Astral Weeks
Astral Weeks is probably Morrison‘s first brush with faith, otherness and the thin line between here and wherever there is, a theme that plays again and again through his work. His hint at being a stranger in this world might suggest the transatlantic move brought with it difficulties outside of the mob and contractual arrangements, but there is light at the end of the tunnel. It is light, flows beautifully and like every other Morrison song, you’ll never hear it sang the same way twice.


Beside You
When you listen to the lyrics of Beside You, you hear snippets of Morrison‘s home, the six bells of St Donards Church, the old railway lines that ran near his house on Hyndford Street, its a song about running away from whatever ails you to be beside the one you love, the friend, the lover.


Sweet Thing
A song about love, a song filled with passion and yet flooded with an innocence about the world around us, the first verse could be the opening scene to a French film about love, you’re left wondering just how many weddings this one has been used to mark the first dance.


Cyprus Avenue
Cyprus Avenue is the hook that holds Astral Weeks together. The actual Cyprus Avenue is a ten-minute walk from Hyndford Street where Morrison was born. The difference could not be starker, Hyndford Street is made up of two up two down terraced houses, back to back and in the 60’s likely overflowing with dock workers and men from the Shorts aeroplane factory.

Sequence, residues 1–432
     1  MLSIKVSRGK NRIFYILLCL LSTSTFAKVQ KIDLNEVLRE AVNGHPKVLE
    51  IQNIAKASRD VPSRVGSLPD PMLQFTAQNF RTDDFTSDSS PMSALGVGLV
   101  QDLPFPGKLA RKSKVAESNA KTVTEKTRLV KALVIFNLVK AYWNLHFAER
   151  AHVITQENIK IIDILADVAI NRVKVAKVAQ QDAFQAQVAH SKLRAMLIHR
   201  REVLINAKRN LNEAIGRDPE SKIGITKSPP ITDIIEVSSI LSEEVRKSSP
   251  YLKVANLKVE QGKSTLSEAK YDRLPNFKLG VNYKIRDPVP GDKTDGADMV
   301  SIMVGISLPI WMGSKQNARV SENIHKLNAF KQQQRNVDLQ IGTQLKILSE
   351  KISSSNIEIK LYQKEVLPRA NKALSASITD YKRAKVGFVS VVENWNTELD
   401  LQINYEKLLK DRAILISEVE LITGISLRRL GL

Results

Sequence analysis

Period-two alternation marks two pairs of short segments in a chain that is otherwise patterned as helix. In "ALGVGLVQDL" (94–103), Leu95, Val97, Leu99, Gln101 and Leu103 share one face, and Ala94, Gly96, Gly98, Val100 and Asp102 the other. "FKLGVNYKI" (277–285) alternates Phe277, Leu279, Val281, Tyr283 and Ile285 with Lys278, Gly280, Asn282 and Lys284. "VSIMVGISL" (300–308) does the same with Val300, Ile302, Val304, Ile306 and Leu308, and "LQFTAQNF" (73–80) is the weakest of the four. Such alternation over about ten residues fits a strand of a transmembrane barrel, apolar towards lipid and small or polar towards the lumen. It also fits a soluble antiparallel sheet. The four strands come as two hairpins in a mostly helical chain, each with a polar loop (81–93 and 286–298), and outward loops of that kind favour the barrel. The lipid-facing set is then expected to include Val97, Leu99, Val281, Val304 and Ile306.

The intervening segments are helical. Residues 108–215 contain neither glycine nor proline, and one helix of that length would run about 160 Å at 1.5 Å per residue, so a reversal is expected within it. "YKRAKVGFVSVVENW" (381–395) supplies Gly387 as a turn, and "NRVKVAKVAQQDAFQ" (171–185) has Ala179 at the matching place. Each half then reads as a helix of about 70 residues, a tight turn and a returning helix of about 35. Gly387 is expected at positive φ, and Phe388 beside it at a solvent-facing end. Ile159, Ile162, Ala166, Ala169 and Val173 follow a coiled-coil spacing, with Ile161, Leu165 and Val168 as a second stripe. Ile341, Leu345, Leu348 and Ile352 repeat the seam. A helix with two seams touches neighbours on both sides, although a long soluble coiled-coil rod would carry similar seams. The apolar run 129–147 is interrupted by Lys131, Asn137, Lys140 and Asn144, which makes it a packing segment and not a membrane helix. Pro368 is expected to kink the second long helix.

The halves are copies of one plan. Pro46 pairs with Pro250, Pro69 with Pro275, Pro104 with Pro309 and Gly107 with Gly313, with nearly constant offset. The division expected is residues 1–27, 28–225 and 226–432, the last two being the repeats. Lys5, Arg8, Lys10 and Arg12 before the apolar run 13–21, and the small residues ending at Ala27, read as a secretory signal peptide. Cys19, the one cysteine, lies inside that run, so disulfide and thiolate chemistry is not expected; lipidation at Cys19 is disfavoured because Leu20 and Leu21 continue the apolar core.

Hyndford Street, looking towards Cyprus Avenue.
(image courtesy of Stuart Bailie)

When Morrison was young Hyndford Street would have been pretty grim. Cyprus Avenue, on the other hand, is palatial, mansions, gardens, a grand avenue and a lot of money. This song, alongside Madam George, was noted as a stream of consciousness, according to Morrison. For me, I hear anger, I hear snippets of jealousy, but there is something deeper, an infatuation, something or someone is driving him to distraction. The song builds and builds, pulling you into its madness.


The Way Young Lovers Do

A song about a first kiss, love in the throes of youth, infatuation, courtship, it is full of energy and passion. Often described as a bit of an anomaly, it doesn’t quite fit in, it’s more up-tempo, jazzier, bigger even and sounding very different for it. But, you get what you get, remember?


Madame George

Turning in at just under ten minutes, Madame George is about moving on, about change, leaving the comfortable behind. Or it’s about something else entirely mysterious that we may never solve. Morrison has often stated that Madame George is not about a drag queen who may or may not have lived on Cyprus Avenue but for me, there is something in it, given how many songs he has written about whoever this George person is.